In unadjusted analyses, individuals who were white had over 80% higher odds of food insecurity compared to individuals of other racial backgrounds (Table 2). Participants who screened positive for depression according to the BDI had nearly two times the odds of food insecurity, and individuals with higher physical health and mental health composite scores on the SF-36 had ~30% lower odds of food insecurity. Individuals who reported recent sex exchange had an over eightfold greater odds of food insecurity. Participants who had recently used crack or had CD4 cell counts below 200 had over two times the odds of being food insecure.
Table 2

Factors associated with food insecurity among homeless and marginally housed HIV-infected participants in San Francisco (n = 250)

Characteristic

Odds ratioa (OR) (.95 CI)

Adjusted ORa (.95 CI)

Recent homelessness (past 30 days)

1.70 (0.69, 4.17)

Age (per year)

0.99 (0.96, 1.03)

White (versus nonwhite)

1.84 (1.07, 3.18)

2.03 (1.11, 3.71)

Male (versus female)

0.84 (0.49, 1.45)

≥High school education

0.99 (0.58, 1.69)

Employed

1.32 (0.46, 3.83)

Income ≥ mean

1.14 (0.69, 1.87)

Recent incarceration

2.39 (0.62, 9.23)

3.97 (0.95, 16.57)

Lack of health insurance

3.04 (0.82, 11.32)

4.38 (1.21, 19.75)

Has Payee

1.43 (0.86, 2.38)

Delayed HAART initiation

1.56 (0.94, 2.57)

Crack use past 30 days

2.38 (1.33, 4.27)

2.06 (1.09, 3.91)

Heroine use past 30 days

2.31 (0.87, 6.16)

Speed use past 30 days

1.64 (0.79, 3.41)

Problem drinking

1.25 (0.53, 2.93)

BDI score ≥ 14

1.91 (1.14, 3.22)

PCS for SF-36 (per 10 units)

0.72 (0.58–0.90)

0.74 (0.58–0.94)

MCS for SF-36 (per 10 units)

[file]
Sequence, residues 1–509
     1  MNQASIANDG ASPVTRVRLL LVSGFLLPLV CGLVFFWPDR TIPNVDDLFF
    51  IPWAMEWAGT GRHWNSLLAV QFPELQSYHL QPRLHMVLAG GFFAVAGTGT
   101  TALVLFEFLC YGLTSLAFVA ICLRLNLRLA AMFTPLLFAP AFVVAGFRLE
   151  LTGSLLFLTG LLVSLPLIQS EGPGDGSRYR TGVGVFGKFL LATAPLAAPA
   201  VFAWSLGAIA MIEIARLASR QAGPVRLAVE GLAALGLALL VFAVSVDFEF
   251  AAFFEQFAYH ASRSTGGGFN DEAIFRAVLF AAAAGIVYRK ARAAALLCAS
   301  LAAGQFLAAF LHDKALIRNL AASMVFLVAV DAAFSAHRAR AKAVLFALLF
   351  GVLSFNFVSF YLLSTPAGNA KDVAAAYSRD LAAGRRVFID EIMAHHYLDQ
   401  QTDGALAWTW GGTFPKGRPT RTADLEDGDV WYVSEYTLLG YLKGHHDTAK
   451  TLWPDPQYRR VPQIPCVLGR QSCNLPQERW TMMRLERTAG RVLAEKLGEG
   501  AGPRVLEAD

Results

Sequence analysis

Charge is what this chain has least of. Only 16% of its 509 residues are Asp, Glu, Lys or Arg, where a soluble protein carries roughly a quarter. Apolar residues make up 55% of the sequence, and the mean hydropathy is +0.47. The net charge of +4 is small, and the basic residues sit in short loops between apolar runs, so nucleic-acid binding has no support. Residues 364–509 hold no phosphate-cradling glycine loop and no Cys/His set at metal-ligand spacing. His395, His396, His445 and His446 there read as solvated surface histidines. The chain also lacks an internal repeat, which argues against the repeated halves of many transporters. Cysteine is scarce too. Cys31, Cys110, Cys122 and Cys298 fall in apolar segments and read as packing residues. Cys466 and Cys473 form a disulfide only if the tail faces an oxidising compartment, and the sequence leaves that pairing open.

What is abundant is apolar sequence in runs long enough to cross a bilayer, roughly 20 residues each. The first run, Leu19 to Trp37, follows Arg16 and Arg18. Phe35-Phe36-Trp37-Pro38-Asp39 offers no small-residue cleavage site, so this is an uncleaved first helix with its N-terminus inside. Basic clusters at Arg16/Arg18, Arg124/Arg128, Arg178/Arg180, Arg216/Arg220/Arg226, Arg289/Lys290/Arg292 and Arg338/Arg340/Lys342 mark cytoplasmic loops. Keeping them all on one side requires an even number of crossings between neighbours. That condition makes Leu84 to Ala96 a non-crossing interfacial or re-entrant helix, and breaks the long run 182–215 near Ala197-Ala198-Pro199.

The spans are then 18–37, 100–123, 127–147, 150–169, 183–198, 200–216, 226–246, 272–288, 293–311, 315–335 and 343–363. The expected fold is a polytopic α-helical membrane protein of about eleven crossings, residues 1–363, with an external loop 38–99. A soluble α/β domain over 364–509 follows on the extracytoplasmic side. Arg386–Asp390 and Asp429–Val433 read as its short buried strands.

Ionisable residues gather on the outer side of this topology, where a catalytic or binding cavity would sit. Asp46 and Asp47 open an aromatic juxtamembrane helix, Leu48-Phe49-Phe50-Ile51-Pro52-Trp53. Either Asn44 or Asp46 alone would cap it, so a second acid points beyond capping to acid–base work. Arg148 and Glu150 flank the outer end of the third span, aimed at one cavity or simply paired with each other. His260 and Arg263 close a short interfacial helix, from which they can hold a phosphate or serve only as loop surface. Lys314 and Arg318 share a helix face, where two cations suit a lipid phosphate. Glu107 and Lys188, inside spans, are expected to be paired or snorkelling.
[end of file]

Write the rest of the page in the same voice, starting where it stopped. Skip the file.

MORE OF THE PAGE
0.71 (0.58–0.88)

0.68 (0.54–0.85)

Sex exchange

8.28 (1.03, 66.37)

Number of friends in social network

1.11 (0.97, 1.27)

Living with children (past 30 days)

0.33 (0.06, 1.75)

Receipt of food aid (past 30 days)

1.49 (0.90, 2.49)

CD4 < 200

2.17 (1.19, 3.93)

2.08 (1.09, 3.94)

BDI beck depression inventory, PCS physical health composite score, MCS mental health composite score

aLogistic regression

In adjusted analyses, individuals who were white had over two times the odds of food insecurity (AOR = 2.03, 95% CI = 1.11–3.71). Individuals with higher physical health composite scores on the SF-36 (AOR = 0.74 for each ten point increase, 95% CI = 0.58–0.94) as well as those with higher mental health composite scores (AOR = 0.68, 95% CI = 0.54–0.85) still both had ~30% lower odds of being food insecure. Participants without health insurance had an over fourfold higher odds of being food insecure (AOR = 4.38, 95% CI = 1.08–17.85). Crack use (AOR = 2.06, 95% CI = 1.09–3.91) and low CD4 cell counts (AOR = 2.08, 95% CI = 1.09–3.94) retained their strong association with food insecurity in adjusted analyses.

CART analysis revealed four groups based on the interactions among three factors. Two of the groups had relatively low prevalence of food insecurity (38.7 and 42.7%) and were defined, respectively, by mental health composite scores on the SF-36 (MCS) > 48.9 and by MCS ≤ 48.9, physical health composite scores (PCS) > 36.6, and CD4 ≥ 200 (Table 3). Two of the groups had a high prevalence of food insecurity (73.9 and 84.5%) and were defined, respectively, by MCS ≤ 48.9, PCS > 36.6, and CD4 < 200 and by MCS ≤ 48.9 and PCS ≤ 36.6. That is most (85%) participants with low CD4 cell counts and low MCS and PCS scores were food insecure. The tree correctly classified 67% of participants and would be expected to correctly classify 54% of participants in a future similar sample.
Table 3

Groups resulting from analysis using classification and regression trees to predict food-insecure homeless and marginally housed HIV-infected participants

Group

Percentage of sample

Percent food insecure

Predictors

MCS

PCS

CD4

1

40.4

38.7

>48.9

  

2

27.2

42.7

≤48.9

>36.6

≥200

3

9.2

73.9

≤48.9

>36.6

<200

4

23.2

84.5

≤48.9